How to Answer the 5 Most Common Job-Interview Questions
You can never predict with certainty what questions you’ll be asked in a job interview, but some questions come up so reliably that you’d be missing a huge opportunity if you don’t bother to prepare for them. Preparing will allow you to organize the substance of your answers more and you’ll sound more polished. Here are some interview questions that are so common you’d be foolish not to prepare for them.
“Tell me something about yourself.”
This simply means “give me a broad overview of who you are, professionally speaking, before we go deeper into specifics.”, not a full personal history. Your interviewer is looking for an answer that’s about one minute long and summarizes where you are in your career and what you’re especially strong at, usually with an emphasis on your most recent job. Keep it focused on the professional you — most interviewers aren’t asking to hear about your family or your hobbies.
“What interests you about this job?”
Your answer should focus on the substance of the job itself — the work you’d be doing day-to-day and the outcomes you’d be working toward. Interviewers want someone who’s enthusiastic about doing whatever the person will be spending most of their time on. You can easily mess this one up if you focus on something that’s a very small part of the position (thus indicating that you don’t fully understand what the job is all about) or the benefits and salary.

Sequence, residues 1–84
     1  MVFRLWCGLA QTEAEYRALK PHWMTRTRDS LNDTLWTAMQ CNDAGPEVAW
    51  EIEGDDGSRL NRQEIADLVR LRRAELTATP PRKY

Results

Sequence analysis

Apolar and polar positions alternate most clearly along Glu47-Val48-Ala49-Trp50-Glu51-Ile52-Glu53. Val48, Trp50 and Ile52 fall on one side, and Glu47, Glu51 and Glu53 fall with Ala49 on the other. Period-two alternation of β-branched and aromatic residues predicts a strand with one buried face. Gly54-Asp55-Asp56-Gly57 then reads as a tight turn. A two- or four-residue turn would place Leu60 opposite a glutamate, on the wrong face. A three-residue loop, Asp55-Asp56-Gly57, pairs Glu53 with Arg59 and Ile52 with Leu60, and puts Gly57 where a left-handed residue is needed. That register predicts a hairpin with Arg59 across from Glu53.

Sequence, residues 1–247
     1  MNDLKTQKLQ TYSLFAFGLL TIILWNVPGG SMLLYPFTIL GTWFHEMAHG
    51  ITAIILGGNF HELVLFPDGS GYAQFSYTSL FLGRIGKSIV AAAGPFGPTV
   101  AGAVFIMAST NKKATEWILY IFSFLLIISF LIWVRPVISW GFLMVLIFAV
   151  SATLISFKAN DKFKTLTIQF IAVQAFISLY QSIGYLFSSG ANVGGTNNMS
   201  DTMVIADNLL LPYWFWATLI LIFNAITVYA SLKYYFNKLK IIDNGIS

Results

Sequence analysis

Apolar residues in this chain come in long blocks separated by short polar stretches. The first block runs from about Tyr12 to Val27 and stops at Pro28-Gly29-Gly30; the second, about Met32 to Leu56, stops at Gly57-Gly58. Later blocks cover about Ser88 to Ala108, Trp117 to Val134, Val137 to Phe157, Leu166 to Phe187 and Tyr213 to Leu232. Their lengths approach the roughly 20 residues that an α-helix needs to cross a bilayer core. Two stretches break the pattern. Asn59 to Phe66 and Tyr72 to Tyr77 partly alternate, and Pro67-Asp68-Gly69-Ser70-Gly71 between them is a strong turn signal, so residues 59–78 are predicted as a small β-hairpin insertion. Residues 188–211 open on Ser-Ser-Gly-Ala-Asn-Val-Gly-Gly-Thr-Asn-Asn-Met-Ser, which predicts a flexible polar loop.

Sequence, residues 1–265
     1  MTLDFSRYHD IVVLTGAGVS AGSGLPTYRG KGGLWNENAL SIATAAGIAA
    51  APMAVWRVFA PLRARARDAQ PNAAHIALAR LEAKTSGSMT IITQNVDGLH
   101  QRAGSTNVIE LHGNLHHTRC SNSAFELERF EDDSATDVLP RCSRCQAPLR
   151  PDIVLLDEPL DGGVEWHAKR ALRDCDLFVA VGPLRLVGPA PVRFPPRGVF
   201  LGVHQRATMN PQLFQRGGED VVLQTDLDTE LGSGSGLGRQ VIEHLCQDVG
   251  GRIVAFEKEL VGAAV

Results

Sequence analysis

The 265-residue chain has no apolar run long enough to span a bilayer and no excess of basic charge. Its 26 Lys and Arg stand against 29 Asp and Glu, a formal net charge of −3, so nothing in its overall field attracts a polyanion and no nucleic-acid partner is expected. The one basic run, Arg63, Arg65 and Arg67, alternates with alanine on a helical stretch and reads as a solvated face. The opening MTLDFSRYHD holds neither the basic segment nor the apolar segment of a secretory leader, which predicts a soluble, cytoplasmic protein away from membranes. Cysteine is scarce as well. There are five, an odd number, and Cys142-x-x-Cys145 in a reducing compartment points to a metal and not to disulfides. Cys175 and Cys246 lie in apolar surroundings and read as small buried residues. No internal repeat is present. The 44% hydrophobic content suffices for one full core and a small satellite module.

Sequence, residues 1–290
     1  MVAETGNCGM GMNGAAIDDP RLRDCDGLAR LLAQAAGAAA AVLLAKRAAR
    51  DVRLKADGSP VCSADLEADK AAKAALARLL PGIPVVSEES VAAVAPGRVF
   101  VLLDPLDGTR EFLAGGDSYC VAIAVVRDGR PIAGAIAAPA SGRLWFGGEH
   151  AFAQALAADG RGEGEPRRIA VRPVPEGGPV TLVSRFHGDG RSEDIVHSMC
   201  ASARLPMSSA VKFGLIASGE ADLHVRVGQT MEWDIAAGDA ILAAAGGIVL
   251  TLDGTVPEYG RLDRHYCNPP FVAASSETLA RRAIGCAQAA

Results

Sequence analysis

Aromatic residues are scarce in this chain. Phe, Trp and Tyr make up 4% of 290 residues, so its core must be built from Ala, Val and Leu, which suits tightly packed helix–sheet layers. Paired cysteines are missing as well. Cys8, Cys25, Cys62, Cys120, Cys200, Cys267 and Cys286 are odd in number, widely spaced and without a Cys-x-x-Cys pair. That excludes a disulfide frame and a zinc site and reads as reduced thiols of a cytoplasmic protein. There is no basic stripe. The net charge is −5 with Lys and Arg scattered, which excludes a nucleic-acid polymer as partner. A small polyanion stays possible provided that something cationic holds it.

“Tell me about your biggest strengths and weaknesses.”
Talk about what would make you really excel at the job. What sets you apart from others who might try to do the same work? But don’t just make subjective pronouncements that the interviewer would need to take on faith (like, “I’m great with people,” or, “I’m very organized”). Instead, give an example or two that shows that’s really the case. Talking about weaknesses can be trickier and requires some honest reflection beforehand: What have you genuinely struggled with at work? Or what have past managers encouraged you to work on? Build your answer around that, but also talk about what you’ve done to ameliorate the effect of that weakness on your work.
“What salary are you looking for?”
Of all the questions people dread in an interview, this one probably tops the list. But if you don’t prepare for it ahead of time, you risk naming a number that’s too low or otherwise saying something that can hurt your negotiating position later. The only way to nail this question is to do some research beforehand: Check salary websites, talk to recruiters or professional organizations in your industry. That should give you an idea of the market range for this type of job at your professional level and in your geographic region. Do your research beforehand so that you’re confident about your answer and don’t leave money on the table.